For one year, The world And InfoCongo met with dozens of timber traffickers, residents and drivers of illegal logs in Cameroon. Their testimonies, as well as official documents from the Ministry of Forests and Wildlife (which did not wish to answer our questions), show that illegal logging is accelerating.
This overview report assesses the region’s progress in developing timber traceability systems to reduce additional pressures from over-exploitation due to corruption, insufficient accountability, and illegal logging. It examples how Tanzania’s established timber traceability system may offer valuable lessons to guide Congo Basin countries in a stepwise process to overcome complex models, gain political buy-in and secure government ownership.
Officials say most member states in the Central African Economic and Monetary Community, CEMAC, have failed to honor a ban on raw timber exports that was enacted last year to conserve forests and create jobs by locally processing wood.
The six member countries of the Central African bloc agreed to ban raw timber exports starting in January 2022. The ban is aimed partially at combating climate change by protecting forests from excessive logging.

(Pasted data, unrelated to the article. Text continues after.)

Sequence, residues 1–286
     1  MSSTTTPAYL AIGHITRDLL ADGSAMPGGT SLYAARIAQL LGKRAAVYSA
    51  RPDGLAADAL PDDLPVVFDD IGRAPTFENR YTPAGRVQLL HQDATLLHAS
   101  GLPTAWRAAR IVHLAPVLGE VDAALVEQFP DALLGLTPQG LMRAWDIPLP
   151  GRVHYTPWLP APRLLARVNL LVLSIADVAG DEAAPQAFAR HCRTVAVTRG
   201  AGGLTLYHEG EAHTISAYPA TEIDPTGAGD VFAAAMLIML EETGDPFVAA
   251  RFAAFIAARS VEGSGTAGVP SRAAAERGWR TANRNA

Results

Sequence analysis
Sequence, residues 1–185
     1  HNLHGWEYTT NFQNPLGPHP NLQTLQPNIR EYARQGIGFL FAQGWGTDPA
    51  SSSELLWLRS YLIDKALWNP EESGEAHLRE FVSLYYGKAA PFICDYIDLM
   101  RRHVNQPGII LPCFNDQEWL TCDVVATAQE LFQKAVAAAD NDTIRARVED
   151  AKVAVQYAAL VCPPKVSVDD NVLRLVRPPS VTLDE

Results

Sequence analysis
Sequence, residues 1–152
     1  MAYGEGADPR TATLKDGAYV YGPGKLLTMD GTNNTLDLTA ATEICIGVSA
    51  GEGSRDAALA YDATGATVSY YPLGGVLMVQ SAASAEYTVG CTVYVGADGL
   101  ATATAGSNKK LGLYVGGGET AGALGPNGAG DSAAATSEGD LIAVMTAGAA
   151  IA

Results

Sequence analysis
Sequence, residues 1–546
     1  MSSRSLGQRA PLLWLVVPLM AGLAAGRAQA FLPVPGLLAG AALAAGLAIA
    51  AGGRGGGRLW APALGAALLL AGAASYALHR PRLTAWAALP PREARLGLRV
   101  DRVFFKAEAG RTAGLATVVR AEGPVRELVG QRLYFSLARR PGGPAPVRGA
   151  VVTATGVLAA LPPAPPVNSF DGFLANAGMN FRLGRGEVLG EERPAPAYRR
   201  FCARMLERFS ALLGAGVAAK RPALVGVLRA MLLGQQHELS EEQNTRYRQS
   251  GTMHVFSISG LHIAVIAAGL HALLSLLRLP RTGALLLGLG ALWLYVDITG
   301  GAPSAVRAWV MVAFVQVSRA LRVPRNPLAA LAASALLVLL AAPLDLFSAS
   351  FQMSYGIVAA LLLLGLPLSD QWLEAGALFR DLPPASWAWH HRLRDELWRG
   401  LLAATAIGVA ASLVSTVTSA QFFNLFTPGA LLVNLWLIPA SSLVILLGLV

However, an online meeting of CEMAC forestry and finance ministers Thursday found that only Gabon and the Republic of Congo have suspended the timber exports to China and other Asian countries. Cameroon, the Central African Republic, Chad and Equatorial Guinea have not.
The deadline for implementing the ban was initially pushed back to January 2023 to give the CEMAC countries more time to comply. Motaze suggested the bloc push back the deadline again to 2025 so countries have more time to invest in wood processing equipment and in training workers.
For stakeholders of Cameroon’s timber industry, the tax burden is too high. The 2023 finance law voted last December increased forest taxes and timber export duties from Cameroon. The most affected sector is that of logs (wood still in the trunk state with its bark).
It is in this wake that operators since January 2 are on strike. A strike characterized by the suspension of customs declarations to denounce the tax pressure deemed too strong.
For the employers’ organization association of the wood sector in Cameroon (GFBC) as reported by RFI, the situation is not tenable and the increase supposed to generate new income for the State will threaten companies survival.